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article imageWhy that fast-food burger you just ate includes wood pulp

By David Silverberg     Jun 30, 2014 in Food
Many fast-food items produced by leading global brands include the oft-overlooked ingredient microcrystalline cellulose (MCC) or "powdered cellulose." It's better known as wood pulp.
Devin Cohen of Quartz reports the addition of this non-absorbable fiber into fast food ingredients has been "stealthy, yet widespread: The compound can now be found in buns, cheeses, sauces, cakes, shakes, rolls, fries, onion rings, smoothies, meats—basically everything."
As we learn here, Microcrystalline cellulose (MCC) (E460) is "derived from naturally occurring cellulose similar to that found in fruits and vegetables. From this natural source, products are customised through various unique, co-processing techniques."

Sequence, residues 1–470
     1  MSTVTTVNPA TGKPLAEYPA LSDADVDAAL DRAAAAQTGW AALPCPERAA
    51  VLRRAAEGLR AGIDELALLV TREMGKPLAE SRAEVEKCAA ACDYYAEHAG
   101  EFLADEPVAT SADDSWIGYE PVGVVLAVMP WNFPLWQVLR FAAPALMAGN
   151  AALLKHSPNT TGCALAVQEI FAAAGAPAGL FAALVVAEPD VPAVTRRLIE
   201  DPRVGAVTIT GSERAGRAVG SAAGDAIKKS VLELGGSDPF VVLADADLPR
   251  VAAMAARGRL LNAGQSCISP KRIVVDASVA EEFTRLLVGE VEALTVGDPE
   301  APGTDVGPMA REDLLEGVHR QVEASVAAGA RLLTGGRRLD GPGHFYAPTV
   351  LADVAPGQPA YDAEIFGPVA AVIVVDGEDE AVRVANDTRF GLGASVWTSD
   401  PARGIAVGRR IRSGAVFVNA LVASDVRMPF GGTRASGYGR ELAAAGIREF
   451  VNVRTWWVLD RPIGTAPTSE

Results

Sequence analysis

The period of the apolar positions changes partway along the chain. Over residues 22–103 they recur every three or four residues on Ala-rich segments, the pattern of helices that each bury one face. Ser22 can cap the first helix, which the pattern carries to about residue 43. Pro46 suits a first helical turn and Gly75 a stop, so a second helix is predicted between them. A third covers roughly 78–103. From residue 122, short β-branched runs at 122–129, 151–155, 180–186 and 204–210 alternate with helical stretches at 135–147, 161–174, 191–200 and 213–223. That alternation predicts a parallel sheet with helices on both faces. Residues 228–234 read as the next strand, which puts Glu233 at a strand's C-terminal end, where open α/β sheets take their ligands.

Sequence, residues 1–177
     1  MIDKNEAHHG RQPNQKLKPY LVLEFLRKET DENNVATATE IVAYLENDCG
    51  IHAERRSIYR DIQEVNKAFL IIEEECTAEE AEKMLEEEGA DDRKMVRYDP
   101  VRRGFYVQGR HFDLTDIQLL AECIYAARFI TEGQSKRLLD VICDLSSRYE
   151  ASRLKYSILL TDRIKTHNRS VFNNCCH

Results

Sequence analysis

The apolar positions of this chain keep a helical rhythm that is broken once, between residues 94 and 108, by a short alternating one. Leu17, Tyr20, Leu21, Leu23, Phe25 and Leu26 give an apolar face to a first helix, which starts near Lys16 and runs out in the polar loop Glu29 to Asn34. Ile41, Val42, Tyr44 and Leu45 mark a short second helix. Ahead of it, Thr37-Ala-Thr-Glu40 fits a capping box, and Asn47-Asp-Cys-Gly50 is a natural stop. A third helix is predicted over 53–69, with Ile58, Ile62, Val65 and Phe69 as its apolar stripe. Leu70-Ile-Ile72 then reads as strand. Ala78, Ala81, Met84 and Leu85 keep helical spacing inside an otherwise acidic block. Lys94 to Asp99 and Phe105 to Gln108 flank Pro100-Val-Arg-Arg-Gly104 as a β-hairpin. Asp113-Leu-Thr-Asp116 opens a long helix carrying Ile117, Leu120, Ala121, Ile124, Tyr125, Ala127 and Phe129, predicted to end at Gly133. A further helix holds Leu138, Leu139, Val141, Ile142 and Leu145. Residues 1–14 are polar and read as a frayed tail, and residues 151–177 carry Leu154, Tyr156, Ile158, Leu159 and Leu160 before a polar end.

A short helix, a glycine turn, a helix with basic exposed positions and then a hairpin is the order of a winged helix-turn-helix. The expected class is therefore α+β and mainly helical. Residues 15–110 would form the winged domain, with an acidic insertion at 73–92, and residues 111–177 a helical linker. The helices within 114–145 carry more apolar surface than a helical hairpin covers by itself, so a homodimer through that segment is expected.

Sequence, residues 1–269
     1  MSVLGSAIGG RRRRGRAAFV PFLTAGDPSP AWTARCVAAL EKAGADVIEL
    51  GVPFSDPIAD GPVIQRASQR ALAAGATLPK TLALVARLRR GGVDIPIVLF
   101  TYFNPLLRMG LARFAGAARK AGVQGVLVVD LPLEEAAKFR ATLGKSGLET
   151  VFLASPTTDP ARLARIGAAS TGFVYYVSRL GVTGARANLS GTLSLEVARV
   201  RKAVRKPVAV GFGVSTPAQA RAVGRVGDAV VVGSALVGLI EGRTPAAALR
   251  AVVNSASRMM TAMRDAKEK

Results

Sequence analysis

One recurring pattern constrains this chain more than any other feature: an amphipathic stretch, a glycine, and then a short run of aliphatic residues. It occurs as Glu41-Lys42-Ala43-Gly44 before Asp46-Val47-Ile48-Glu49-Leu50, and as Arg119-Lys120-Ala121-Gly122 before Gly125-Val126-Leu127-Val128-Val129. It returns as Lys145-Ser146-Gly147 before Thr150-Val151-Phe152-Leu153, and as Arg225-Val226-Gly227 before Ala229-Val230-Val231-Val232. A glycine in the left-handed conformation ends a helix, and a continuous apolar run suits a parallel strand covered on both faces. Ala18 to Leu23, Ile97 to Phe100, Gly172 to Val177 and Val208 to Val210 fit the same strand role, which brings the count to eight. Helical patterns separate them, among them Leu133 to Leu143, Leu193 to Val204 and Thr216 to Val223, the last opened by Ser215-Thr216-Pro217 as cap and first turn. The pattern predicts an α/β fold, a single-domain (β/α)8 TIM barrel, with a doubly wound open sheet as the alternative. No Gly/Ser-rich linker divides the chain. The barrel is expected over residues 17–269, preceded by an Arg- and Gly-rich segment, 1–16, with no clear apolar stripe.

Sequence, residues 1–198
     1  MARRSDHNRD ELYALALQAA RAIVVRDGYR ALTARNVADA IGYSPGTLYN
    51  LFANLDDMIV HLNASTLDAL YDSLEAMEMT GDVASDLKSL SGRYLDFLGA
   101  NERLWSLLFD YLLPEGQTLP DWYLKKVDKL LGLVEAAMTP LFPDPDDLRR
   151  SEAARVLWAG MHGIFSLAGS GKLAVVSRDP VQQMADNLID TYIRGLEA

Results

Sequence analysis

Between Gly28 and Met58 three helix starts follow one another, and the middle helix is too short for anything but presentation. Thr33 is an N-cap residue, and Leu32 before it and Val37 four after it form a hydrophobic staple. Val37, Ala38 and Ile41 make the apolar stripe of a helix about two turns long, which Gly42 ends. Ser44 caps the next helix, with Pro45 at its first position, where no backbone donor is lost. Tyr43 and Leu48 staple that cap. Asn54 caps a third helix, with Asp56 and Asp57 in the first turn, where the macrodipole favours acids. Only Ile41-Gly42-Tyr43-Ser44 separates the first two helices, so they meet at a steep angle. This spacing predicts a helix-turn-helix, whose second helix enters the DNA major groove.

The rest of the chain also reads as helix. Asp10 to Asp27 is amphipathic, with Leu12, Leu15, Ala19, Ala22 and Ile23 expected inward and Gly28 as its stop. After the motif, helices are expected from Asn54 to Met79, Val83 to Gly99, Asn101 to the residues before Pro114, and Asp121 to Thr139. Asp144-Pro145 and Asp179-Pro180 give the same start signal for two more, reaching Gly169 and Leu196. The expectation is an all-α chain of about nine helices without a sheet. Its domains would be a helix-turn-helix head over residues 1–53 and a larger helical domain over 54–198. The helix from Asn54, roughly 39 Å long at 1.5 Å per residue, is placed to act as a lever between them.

Adding high-fiber low-fat wood pulp to fast-food acts as a filler, meaning those chicken nuggets may contain less chicken and more MCC.
In 2011, Taco Bell was slapped with a lawsuit for using something cellulose to create a meat-like substance.
Quartz's Cohen wanted to analyze the ingredient list of dozens of fast-food giants across North America to learn of MCC's presence in daily menus. He found McDonald’s ranks highest on the list with wood pulp integrated into 14 of their menu items, such as fish fillets, chicken strips and biscuits.Burger King was #2 on the list with 13 menu items containing cellulose.
It should be noted some studies found that microcrystalline cellulose may have adverse effects on cholesterol, but the FDA has approved powdered cellulose for human consumption in moderate doses.
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